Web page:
The world is full of tropes — oft-repeated ideas that lack grounding in reality. The Titanic will never sink. Americans will never elect a black president. This investment fund isn’t a Ponzi scheme.
The Oscar world isn’t immune to this kind of thinking: in fact, it’s frequently infected by it. Every year, pundits float all sorts of theories about why a movie is destined not to work with awards voters. Then January and February come and they find those theories with less currency than an Icelandic bank.
Last year, movies like “No Country for Old Men” and “There Will Be Blood” were “too dark” to score nominations. They landed a combined 16. Then they were “too similar” to win major awards; they would split the vote and other movies would sneak in, the Trope-ists maintained. They went on to win six Oscars.
Maybe because the enthusiasm for this season’s contenders keeps shifting — or because of the continuing proliferation of (ahem) awards-season blogs and columns — this year’s films have had to cope with a number of shaky theories. At parties and screenings, these ideas are trotted out and, like digs at a presidential candidate (Obama is “elitist”; Hillary is “calculating”), repeated with increasing vigor, so that after a while they acquire the ring of truth.
As we head into the holidays and the nominating homestretch for the Oscars, it’s a good time to round up, and poke holes in, these truths. Or truthiness.
“Slumdog Millionaire” is too torture-filled — but also too entertaining. Given the feel-good billing, some of the gritty scenes in the first act may surprise some moviegoers. But the movie’s strong performance in the suburbs gives the lie to that part of the trope. And didn’t “Titanic” and “The Lord of the Rings” take care of the entertaining part long ago? (This is also incidentally, a reason “Dark Knight” shouldn’t despair.)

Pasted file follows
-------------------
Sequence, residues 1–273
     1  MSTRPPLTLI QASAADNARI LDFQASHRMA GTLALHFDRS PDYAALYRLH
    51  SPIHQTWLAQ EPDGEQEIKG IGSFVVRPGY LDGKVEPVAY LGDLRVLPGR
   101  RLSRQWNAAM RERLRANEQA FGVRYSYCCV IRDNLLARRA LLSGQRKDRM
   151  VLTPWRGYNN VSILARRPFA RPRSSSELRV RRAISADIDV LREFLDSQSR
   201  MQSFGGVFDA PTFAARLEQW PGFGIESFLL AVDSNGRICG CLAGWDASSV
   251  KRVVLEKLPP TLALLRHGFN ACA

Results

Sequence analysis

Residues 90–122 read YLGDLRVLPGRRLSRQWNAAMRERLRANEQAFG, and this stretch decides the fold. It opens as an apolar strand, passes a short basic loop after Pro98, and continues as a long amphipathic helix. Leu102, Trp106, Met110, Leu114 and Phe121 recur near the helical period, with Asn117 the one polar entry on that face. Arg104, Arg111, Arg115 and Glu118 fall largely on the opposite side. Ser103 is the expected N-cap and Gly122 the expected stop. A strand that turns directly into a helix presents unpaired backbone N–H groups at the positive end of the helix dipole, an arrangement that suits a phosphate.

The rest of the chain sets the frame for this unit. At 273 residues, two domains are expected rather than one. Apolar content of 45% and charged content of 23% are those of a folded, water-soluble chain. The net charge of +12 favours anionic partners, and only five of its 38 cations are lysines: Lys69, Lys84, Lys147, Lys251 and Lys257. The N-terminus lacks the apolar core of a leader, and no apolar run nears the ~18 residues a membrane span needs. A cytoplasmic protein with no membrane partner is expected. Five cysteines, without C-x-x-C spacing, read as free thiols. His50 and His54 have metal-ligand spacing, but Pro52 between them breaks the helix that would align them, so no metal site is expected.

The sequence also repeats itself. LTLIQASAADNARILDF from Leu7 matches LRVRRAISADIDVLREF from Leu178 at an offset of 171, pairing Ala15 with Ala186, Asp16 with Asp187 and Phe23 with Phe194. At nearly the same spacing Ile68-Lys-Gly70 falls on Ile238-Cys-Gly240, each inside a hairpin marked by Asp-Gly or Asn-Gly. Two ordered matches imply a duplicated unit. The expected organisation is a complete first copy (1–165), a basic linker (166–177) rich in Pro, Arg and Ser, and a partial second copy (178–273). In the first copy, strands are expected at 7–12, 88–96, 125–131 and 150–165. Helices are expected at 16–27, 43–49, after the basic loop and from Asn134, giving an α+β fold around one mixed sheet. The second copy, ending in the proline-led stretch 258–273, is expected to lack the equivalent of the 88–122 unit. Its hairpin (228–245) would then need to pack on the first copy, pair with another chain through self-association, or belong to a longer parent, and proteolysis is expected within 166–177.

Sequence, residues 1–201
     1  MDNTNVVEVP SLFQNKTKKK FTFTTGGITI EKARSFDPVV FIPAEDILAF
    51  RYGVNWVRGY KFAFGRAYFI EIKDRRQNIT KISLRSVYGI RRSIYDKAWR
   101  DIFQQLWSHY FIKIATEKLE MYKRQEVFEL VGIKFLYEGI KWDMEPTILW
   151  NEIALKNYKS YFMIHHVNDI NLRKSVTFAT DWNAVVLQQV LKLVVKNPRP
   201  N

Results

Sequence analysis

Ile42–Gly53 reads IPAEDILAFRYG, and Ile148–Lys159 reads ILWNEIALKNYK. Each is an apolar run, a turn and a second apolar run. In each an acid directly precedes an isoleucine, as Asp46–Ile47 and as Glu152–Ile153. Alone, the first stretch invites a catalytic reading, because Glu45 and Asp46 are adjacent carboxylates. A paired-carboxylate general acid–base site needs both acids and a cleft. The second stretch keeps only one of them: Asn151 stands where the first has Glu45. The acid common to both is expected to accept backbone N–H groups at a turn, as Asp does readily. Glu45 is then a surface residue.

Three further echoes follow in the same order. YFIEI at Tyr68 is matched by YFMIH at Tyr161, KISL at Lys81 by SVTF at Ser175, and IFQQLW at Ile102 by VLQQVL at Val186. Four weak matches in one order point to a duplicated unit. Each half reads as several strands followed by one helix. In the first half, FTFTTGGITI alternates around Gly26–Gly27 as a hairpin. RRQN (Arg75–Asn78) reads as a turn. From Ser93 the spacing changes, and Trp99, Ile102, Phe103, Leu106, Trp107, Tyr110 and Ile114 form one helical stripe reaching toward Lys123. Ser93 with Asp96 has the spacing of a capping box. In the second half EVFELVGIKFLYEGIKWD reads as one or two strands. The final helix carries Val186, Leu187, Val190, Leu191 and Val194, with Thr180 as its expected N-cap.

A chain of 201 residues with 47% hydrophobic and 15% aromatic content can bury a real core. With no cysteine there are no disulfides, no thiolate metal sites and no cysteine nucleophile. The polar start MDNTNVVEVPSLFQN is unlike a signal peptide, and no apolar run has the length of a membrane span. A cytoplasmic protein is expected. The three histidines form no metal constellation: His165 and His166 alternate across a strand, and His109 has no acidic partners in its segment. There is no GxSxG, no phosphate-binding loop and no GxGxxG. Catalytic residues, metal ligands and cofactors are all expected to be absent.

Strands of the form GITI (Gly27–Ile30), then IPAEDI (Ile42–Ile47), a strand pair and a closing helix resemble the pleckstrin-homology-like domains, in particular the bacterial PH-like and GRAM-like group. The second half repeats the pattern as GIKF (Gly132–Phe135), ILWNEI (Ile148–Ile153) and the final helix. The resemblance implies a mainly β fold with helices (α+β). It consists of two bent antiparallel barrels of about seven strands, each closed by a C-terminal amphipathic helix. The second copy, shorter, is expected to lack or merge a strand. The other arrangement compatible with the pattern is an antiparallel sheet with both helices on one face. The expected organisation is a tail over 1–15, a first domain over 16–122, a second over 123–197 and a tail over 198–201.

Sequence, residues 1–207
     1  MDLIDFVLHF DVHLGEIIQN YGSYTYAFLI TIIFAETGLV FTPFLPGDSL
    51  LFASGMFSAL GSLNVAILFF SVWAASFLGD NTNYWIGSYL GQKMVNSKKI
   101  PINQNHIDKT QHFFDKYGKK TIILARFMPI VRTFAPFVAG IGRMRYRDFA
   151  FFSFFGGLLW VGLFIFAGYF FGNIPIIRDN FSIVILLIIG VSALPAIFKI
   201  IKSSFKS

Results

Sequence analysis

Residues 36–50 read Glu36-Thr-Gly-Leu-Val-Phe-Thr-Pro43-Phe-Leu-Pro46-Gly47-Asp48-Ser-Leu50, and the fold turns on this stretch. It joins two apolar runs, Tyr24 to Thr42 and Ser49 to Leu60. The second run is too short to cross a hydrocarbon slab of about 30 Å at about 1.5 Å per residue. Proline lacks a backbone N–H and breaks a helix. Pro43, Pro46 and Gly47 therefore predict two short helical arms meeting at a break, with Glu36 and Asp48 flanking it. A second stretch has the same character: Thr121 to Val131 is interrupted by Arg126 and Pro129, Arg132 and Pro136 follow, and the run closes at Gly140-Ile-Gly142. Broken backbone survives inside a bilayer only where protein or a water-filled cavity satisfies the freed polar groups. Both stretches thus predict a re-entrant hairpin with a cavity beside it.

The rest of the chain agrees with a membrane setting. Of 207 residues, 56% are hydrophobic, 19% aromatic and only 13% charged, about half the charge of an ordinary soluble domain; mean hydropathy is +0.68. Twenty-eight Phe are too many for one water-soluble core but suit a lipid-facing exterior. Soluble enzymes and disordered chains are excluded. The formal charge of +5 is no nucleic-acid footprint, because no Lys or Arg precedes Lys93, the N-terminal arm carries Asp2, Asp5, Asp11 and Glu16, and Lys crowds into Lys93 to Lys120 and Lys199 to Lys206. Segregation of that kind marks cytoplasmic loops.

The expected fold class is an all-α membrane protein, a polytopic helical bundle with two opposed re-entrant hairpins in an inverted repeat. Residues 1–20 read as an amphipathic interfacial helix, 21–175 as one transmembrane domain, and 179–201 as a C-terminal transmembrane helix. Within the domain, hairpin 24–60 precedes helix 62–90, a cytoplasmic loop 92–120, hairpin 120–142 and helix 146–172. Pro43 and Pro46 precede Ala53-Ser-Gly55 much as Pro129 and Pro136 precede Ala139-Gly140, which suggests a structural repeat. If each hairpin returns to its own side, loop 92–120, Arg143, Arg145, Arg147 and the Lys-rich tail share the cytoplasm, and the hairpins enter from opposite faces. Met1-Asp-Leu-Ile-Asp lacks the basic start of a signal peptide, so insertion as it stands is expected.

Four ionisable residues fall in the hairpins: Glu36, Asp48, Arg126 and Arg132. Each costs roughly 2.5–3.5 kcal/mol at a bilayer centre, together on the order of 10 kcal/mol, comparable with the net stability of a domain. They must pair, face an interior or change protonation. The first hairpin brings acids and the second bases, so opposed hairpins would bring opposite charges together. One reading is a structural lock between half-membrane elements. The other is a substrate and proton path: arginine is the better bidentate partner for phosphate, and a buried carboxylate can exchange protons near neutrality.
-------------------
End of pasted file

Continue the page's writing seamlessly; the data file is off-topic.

“The Wrestler” is all about Mickey, not the movie. Rourke’s performance is great and the parallels to his real-life story are strong. But in choices large and small, “The Wrestler” is also one of the best-directed movies of the year. Additionally, there’s a (misguided) notion that it’s too violent for some Academy tastes — even though it’s got nothing on “The Departed” and scores of other winners.
An animated/foreign movie can’t be nominated for best picture. True, an animated film hasn’t been nominated since the category was created in 2001. But a foreign language picture, “Crouching Tiger, Hidden Dragon,” was. And “Ratatouille” came close last year — which is why “WALL-E” shouldn’t throw in the towel just yet.
“Frost/Nixon” is too talkie. It remains to be seen how a movie so keyed on dialogue plays at the box office. But the Oscars? Talkie? With movies like “Good Night, and Good Luck” and “In the Bedroom” routinely getting nominated, intelligent dialog isn’t a drawback — it’s an advantage.
Clint Eastwood will get Academy love for “Gran Torino,” particularly from older voters. It’s true that some voters might see it as a bookend to the “Dirty Harry” movies. But while “Torino” features an older character, does anyone really believe that people vote on demographics alone? Also, it’s kind of, um, an unsavory older character. It’s not clear who exactly is seeing that movie and seeing themselves in him.
“Benjamin Button” is too cold. The line is that the movie feels “distant” and won’t capture voters. Forget the fact that anecdotal evidence — at two separate screenings, the crying and nose-blowing was audible — suggests it’s not true. Even if the picture features an aloof character, since when is that an Oscar deal breaker? “The Queen” featured a main character as emotionally removed as they come and was still nominated for six Oscars, including best picture.